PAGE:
In addition to reducing recurrence, the studies also found that taking tamoxifen for 10 years instead of 5 years reduced the chances of dying from breast cancer within those 10 years from about 15% to about 12%. These differences are small and disappear for women with the earliest stage breast cancers. Even more important, overall survival –how long a woman lives after her initial diagnosis of breast cancer–was not significantly affected by taking tamoxifen for more than 5 years.[2]  In other words, even if a woman taking tamoxifen for 10 years was less likely to die of breast cancer within those 10 years, she was not less likely to die from any cause.

When considering your treatment options, talk with your doctor about your overall health and your heart health, because all women (including women with breast cancer) are more likely to die from heart disease than breast cancer. And some treatments for breast cancer can harm your heart.  Read more about heart health and breast cancer in our article.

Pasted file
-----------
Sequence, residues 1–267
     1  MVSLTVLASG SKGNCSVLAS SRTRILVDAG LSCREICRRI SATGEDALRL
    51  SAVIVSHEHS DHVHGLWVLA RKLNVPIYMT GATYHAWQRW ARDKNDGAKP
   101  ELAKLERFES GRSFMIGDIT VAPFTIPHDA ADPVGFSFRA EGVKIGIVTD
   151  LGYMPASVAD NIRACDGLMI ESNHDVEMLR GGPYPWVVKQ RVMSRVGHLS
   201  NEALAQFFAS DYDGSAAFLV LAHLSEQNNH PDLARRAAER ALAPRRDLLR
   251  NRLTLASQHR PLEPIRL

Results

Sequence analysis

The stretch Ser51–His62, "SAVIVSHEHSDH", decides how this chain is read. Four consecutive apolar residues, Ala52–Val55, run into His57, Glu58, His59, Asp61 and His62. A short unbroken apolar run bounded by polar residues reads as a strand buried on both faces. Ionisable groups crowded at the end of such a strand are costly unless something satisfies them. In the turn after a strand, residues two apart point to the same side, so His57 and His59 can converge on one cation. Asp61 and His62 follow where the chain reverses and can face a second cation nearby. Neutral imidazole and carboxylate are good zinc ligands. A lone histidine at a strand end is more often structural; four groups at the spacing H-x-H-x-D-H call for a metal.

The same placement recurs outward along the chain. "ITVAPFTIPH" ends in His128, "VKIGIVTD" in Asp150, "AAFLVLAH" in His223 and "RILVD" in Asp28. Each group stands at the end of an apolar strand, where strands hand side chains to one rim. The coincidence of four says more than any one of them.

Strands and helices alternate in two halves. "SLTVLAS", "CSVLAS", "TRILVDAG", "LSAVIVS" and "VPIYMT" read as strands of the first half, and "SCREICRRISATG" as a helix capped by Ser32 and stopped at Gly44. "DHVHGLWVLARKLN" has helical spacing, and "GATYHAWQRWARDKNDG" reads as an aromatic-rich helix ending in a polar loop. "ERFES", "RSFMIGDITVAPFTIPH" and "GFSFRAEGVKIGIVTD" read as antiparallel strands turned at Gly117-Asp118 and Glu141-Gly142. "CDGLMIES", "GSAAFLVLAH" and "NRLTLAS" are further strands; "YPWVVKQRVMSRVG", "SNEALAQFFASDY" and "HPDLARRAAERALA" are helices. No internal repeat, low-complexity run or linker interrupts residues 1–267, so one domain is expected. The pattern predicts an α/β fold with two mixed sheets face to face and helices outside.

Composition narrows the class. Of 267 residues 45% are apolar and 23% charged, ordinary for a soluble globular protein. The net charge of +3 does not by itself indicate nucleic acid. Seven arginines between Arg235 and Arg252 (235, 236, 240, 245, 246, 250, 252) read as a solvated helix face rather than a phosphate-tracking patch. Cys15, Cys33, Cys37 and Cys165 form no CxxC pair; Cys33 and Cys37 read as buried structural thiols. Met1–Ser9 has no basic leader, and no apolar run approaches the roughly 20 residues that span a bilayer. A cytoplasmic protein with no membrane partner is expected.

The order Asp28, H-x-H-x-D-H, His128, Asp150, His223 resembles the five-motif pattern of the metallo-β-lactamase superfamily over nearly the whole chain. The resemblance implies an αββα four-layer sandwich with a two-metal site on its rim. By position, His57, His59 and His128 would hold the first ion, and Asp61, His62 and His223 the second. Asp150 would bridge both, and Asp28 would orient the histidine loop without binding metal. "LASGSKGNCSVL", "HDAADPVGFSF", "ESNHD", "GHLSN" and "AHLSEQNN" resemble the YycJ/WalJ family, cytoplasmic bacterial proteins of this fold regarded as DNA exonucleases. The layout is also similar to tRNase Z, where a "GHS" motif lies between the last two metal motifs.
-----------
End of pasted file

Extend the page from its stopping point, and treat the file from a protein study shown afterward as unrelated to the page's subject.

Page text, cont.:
Side Effects and Risks of Treatment

Tamoxifen increases the chances of developing endometrial cancer and blood clots in the legs and lungs.[3,16] In a Danish study, the 5-year risk of developing blood clots was about 1.2% in breast cancer patients taking tamoxifen compared to 0.5% in breast cancer patients who were not taking tamoxifen.[10]  Tamoxifen often causes side effects similar to those experienced in menopause, including hot flashes and irregular periods.[16] In one study, 41% of women taking tamoxifen experienced hot flashes, and 10% experienced abnormal periods .[19]

The Bottom Line

There are many ways to treat early-stage breast cancer in pre-menopausal women, in addition to surgery. A woman’s age, tumor characteristics, and personal wishes/goals may affect the benefits and risks of different treatments. Talk with your doctor about which treatment options may be right for you by asking about the exact benefits of specific treatments on recurrence and overall survival, and considering these specific issues and not just what is best for cancer patients on average.

Footnotes:

  1. American Cancer Society. Cancer Treatment and Survivorship: Facts and Figures 2016-2017. Available online: https://www.cancer.org